Learning basic morphosyntax in languages with case marking: Polish, Finnish and Estonian

Przeczytaj po polsku (Polish Version)

Cat chasing mouse vs Mouse chasing cat

We already know quite a lot about how English-speaking children learn to use word order to mark “who did what to whom” in basic transitive sentences e.g. The cat chased the mouse and The mouse chased the cat mean very different things (see Naigles, 1990; Gertner, Fisher & Eisengart, 2006; Noble, Rowland & Pine, 2011). This project explores how children learning languages with relatively flexible, pragmatic word order – specifically Polish, Finnish and Estonian – use case marking, in both comprehension and production, to do likewise.

The first strand of the project will use corpus analysis to assess whether children learning these languages rely less on lexical templates, e.g. I’m [ACTION]ing it, than do learners of languages with relatively fixed word order, such as English (Stoll et al, 2009).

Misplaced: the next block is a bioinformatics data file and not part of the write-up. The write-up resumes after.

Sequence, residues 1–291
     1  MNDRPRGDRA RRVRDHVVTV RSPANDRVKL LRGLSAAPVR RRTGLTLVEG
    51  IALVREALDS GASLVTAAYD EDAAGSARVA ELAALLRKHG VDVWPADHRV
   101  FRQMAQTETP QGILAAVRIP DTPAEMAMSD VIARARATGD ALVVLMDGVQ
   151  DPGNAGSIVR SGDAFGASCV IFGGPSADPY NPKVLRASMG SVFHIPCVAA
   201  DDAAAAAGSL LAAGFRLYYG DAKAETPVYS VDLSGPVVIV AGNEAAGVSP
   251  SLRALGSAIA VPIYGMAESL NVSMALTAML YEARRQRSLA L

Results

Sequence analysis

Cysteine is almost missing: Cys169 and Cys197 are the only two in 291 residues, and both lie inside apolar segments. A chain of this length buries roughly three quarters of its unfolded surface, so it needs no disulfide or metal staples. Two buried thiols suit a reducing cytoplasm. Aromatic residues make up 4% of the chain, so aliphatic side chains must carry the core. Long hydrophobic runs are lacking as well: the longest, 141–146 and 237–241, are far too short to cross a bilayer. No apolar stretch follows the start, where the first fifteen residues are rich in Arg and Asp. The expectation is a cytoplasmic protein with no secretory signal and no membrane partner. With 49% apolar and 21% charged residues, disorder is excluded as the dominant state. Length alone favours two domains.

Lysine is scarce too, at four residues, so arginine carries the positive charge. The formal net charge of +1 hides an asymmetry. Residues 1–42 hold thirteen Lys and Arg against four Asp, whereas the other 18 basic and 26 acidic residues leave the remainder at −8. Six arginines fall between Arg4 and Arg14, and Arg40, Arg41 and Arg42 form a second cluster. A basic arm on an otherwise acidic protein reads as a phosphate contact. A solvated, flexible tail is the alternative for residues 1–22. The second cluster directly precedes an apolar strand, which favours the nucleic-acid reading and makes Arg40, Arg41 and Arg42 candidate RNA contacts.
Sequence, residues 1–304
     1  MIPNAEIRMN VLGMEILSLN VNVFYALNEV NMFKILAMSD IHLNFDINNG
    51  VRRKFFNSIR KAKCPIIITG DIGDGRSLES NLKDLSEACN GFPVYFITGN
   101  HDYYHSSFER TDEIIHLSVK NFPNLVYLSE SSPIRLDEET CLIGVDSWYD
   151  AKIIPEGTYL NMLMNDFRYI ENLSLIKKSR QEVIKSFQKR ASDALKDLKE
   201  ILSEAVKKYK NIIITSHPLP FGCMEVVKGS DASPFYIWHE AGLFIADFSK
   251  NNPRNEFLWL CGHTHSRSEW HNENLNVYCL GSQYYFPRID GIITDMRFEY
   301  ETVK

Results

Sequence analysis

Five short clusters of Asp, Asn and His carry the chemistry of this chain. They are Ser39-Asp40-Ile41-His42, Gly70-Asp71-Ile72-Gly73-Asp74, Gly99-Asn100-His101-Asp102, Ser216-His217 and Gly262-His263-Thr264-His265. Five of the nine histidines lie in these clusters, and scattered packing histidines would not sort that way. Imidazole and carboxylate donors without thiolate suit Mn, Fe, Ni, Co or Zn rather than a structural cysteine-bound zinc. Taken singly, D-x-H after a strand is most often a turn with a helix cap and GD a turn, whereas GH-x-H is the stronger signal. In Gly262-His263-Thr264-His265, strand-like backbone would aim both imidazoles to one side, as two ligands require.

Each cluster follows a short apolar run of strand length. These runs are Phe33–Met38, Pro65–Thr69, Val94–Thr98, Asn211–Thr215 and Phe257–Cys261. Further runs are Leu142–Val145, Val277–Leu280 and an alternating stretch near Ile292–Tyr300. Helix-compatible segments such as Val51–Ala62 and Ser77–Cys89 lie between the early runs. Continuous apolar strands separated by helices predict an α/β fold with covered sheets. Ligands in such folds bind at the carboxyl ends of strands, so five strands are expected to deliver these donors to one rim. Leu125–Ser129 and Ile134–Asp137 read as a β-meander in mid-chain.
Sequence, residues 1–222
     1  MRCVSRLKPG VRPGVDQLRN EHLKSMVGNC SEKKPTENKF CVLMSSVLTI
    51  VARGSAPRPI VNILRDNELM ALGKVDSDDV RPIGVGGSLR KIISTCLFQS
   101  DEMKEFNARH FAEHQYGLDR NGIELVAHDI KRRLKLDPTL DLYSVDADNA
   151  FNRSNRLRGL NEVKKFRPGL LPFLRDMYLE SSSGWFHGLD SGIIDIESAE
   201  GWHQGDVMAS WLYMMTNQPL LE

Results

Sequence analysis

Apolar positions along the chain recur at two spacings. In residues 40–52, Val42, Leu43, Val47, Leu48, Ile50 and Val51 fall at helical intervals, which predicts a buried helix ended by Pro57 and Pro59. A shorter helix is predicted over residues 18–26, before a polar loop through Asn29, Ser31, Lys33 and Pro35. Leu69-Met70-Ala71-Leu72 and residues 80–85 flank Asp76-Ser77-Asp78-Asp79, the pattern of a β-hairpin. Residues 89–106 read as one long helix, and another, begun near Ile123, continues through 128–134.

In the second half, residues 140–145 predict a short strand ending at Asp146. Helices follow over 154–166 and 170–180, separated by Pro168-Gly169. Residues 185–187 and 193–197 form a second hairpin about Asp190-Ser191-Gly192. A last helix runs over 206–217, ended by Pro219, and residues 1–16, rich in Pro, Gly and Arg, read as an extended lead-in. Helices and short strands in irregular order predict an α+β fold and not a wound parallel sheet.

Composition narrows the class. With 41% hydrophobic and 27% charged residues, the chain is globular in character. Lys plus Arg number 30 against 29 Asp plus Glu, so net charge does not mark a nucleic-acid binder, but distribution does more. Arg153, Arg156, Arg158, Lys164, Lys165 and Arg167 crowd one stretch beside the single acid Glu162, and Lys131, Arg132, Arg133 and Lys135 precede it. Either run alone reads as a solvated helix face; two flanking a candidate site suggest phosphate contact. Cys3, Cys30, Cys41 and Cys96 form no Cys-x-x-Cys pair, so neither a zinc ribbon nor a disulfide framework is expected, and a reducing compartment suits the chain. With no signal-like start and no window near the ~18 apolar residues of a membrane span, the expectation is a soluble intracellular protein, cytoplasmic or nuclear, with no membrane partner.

The second strand will use forced-choice pointing and elicited production to investigate developmental changes in the abstractness of children’s knowledge of case-marking. For example, we expect that learners’ earliest knowledge will be tied to case-marked pronoun forms (e.g., He vs Him), and only later broaden out to encompass all nominative and accusative case markers.

The third strand will use computational modelling to simulate the developing abstractness of children’s use of case marking and word order cues in the two languages. 

Project Team: Ben Ambridge (Lead), Franklin Chang, Elena Lieven, Julian Pine, Joanna KolakAnna TheakstonSonia Granlund, Virve Vihman and Felix Engelmann

Start Date: March 2015

Duration: 3 years

(Work Package 13)